BLITZER: These are live pictures we're showing our viewers coming in from Paris right now. Police all over the streets, the French president, Francois Hollande, he's at the Interior Ministry, he's monitoring what's going on but this is a situation that's still unfolding. Terrorists remain at large in Paris right now and remember, Paul Cruickshank, this follows, if in fact this is ISIS- related and ISIS sympathizers on Twitter and elsewhere on social media, they are applauding this terror attack in Paris right now.
It follows an ISIS claim of responsibility for that Russian airliner in Sinai that was down. 224 people killed there. Twin suicide bombings in Beirut yesterday. At least 40 people killed there and more than 200 injured and another in Baghdad. Today almost 20 people killed there and now at least 60 people reported dead according to our affiliate BFM in Paris right now.
Once again these are live pictures. You see firefighters, you see police, you see other law enforcement dealing with this still unfolding situation. This is clearly somebody who's been injured, wounded being brought to that ambulance over there right now.
Paul Cruickshank, if this is in fact ISIS it looks like they are clearly expanding their mode of operation going from Sinai, going to Beirut to Baghdad and now Paris.
CRUICKSHANK: That's absolutely right, Wolf. And it would be very disturbing indeed if it was ISIS, there have been no official claim of responsibility yet from ISIS or al Qaeda or any other terrorist group, but ISIS is increasingly be getting into the international terrorism business. We saw that claim for the Metrojet --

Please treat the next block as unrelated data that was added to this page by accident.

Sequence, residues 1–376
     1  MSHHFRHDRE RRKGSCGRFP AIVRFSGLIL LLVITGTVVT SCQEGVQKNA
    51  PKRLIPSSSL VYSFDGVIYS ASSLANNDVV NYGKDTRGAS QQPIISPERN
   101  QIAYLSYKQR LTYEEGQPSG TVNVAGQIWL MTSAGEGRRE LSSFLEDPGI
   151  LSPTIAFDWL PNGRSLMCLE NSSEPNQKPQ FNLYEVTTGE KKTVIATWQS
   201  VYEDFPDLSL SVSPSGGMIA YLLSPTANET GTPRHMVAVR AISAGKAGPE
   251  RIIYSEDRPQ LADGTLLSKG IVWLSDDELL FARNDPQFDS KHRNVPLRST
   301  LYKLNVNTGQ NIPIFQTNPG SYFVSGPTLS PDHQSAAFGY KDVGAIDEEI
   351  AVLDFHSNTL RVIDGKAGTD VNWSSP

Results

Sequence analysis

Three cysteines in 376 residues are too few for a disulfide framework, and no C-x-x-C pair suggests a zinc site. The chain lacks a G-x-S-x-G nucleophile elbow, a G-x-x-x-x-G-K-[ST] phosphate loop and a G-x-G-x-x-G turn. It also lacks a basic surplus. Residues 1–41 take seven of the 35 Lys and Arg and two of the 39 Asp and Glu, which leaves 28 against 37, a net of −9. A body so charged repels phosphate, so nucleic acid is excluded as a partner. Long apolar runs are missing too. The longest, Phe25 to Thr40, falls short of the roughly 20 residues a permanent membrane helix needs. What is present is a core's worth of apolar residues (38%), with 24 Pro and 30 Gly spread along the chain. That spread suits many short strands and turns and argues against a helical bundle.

BLITZER: All right. Hold on, Paul, hold on for a moment, Paul. President Hollande is now speaking in Paris. We have translation.
PRES. FRANCOIS HOLLANDE, FRANCE (Translator Translator) Security of all districts that may be concerned. I've also asked there can be military reinforcements which at the moment are in the Paris conglomeration to be sure that no further attack may take place.
I have also called the cabinet, which is going to meet soon. These decisions are being taken. This state of emergency will be decreed, which means certain places will be closed. Travel may be banned and decisions may be taken about arrests throughout about whole France in the past. And the territory.
The second decision that I have made is closing borders. We have to assure ourselves that no one can enter in order to commit any act, whatever that may be, at the same time that these crimes that have last taken place can be stopped.
This is a terrible hardship, which is striking us. We know where this is coming, who these terrorists are. In such difficult times, I have thought for the victims, for the numerous victims, for their families for the wounded and we have to show compassion and solidarity. We also have to show unity and keep our cool.
France must be strong and great and the state has to be strong. We also have to call on everyone to be responsible. What the terrorists want is to make us afraid to seize us with fear. And there is something to be afraid of, but faced with this fear there's a nation that defends itself and mobilizes itself and once again we'll be able to overcome the terrorists.
French women, French men. These operations are not over. There are some which have been, the security forces are taking place at the moment, in particular in a place in Paris. I'm asking here for you to maintain your trust in what the security forces can do to protect the populations from terrorists attacks.
Long live the public, long live France.